In Mark 9:29, Jesus says, “This kind can only come out by prayer,” with several Bible translations adding, “and fasting.”
Whether fasting was included or not in what Jesus said there’s a story being told here in which the disciples, for the first time in their experience as Jesus’ disciples, cannot heal someone. Up to that point they’d “cured every kind of disease and sickness” with Jesus’ full authority, Matthew 10:1. And in Luke 10:1 Jesus had also sent out seventy others with the same power, who later “returned with joy” to report to Jesus that “even the demons submit to us in your name.”
All they’d had to do was command demons and sicknesses in Jesus’ name to leave a person, and every time it had happened, no prayer or fasting needed. But then a man in Mark 9:17 brought his son to Jesus, telling Jesus that his son “is possessed by a spirit that has robbed him of speech. When the spirit seizes him, it throws him to the ground. My son foams at the mouth, gnashes his teeth and becomes rigid.” And in verse 22, this same evil spirit from the boy’s childhood had “often thrown him into fire or water to kill him.” But when the boy’s Dad had “asked Jesus’ disciples to drive out the spirit, they could not,” verse 18.
The disciples had no clue as to why this had happened, as we see later in verse 28 when they “asked Jesus privately, ‘Why couldn’t we drive the evil spirit out?’” And that’s when Jesus replies, “This kind can come out only by prayer and fasting.”
This was the first time Jesus included the need for prayer and fasting in casting out a demon. But why? Was it because the poor lad was being tormented by some sort of ‘super demon’, requiring extra power that only prayer and fasting could generate? Was that the lesson being taught here?
Not in context it isn’t. The context is Jesus’ instant and emotional reaction in verse 19 to the disciples not being able to heal the boy. He yells out, “O unbelieving generation, how long shall I stay with you? How long shall I put up with you?”
This entire episode was orchestrated by God to highlight Israel’s greatest problem, taking note that “the teachers of the law” were present as well in verse 14, so even the leaders of Israel hadn’t a clue what to do for the boy either.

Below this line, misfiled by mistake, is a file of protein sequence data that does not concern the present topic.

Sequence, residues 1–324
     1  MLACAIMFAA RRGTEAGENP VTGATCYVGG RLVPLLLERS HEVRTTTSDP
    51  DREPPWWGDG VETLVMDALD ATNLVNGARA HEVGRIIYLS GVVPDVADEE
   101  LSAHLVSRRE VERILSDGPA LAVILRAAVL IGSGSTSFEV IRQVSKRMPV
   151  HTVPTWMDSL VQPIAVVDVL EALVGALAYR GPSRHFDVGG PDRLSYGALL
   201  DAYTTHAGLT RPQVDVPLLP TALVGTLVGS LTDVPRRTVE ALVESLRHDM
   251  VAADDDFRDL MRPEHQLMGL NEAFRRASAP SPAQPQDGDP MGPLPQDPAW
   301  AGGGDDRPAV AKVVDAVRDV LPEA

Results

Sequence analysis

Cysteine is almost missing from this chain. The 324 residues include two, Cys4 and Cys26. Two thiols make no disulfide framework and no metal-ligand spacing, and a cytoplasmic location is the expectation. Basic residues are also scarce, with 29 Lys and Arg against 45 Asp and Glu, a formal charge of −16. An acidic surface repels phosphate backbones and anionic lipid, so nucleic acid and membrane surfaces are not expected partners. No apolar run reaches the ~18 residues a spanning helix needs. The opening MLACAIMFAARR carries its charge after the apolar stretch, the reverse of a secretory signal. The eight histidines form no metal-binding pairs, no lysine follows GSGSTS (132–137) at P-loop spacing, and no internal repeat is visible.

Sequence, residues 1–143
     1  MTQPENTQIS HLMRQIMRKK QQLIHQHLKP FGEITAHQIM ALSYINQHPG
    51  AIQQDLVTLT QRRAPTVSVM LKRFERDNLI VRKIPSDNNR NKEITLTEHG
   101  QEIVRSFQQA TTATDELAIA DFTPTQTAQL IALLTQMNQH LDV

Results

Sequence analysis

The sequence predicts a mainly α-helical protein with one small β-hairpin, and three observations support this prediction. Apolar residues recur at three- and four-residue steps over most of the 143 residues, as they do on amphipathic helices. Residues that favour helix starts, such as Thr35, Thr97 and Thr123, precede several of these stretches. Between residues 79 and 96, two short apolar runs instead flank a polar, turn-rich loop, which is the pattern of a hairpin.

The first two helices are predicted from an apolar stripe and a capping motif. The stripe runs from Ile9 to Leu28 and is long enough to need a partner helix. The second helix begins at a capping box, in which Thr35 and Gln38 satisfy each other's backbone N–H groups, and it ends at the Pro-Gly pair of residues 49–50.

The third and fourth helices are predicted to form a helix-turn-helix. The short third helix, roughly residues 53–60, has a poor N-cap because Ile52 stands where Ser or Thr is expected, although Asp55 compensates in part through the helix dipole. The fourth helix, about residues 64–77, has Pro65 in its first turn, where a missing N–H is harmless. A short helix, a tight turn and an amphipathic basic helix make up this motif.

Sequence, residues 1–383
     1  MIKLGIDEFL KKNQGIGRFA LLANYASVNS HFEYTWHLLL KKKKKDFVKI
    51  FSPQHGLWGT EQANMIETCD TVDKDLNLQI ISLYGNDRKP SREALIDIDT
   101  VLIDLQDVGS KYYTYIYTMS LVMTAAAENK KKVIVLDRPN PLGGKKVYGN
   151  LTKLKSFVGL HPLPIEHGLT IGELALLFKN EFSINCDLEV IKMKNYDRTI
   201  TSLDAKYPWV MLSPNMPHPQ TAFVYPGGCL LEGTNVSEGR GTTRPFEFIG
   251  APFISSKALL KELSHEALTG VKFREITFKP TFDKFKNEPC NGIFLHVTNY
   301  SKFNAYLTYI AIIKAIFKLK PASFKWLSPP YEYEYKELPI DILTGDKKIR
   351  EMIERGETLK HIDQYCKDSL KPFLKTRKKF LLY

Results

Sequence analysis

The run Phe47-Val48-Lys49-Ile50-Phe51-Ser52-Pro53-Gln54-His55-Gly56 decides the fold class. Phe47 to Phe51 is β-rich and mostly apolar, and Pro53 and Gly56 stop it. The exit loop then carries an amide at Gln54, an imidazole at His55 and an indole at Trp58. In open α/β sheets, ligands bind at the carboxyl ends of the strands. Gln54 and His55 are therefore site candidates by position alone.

And the reason they hadn’t a clue was their lack of faith as a nation in the power and authority of Jesus over every illness and evil. They’d seen Jesus do incredible miracles, but instead of trusting he’d passed on that power to his disciples, the teachers of the law had “argued with them” verse 14. They’d grabbed the opportunity to downplay the disciples’ power because they hadn’t been able to heal the boy.
Bad mistake, because Jesus flays the teachers of the law alive for not trusting him, and he extends it to the whole nation as well. Jesus’ frustration at their lack of faith boils over again too, when the boy’s Dad says to Jesus in verse 22, “If you can do anything, take pity on us and help us.” “If you can?” Jesus replies – rather testily it sounds like – because he knows “Everything is possible for him who believes.”
And at that point the lights go on in the Dad’s mind, because he yells out, “I do believe; help me overcome my unbelief.” And there you have the lesson of this story. It’s not about praying and fasting for extra power to cast out some ‘super demon’, it’s praying and fasting for the help to overcome lack of faith. And that’s when fasting can do some good, in casting out the lack of faith that cannot trust in Jesus’ power yet.
And to get that point across, Jesus “rebuked the evil spirit,” and commanded it to come out of the boy and never enter him again. With a lot of shrieking and convulsions the demon leaves, and the boy lies there so still it looks like he’s dead. But Jesus takes hm by the hand and lifts him to his feet, and the boy stands on his own completely healed.
The same story is told in Matthew 17, and Jesus summarizes it rather nicely when his disciples ask him in verse 19 why they couldn’t drive the demon out. It’s “because you have so little faith,” he replies. Faith is the issue here, the kind that believes “Nothing will be impossible for you,” verse 20.
So, if I’m reading Jesus right here, he’s saying that all it takes is prayer and fasting for that kind of faith if we’re still lacking it. Well, think of the good we could do in the impossible situations the people we care for are going through in this virus crisis, if we believe no situation is impossible for Jesus to solve….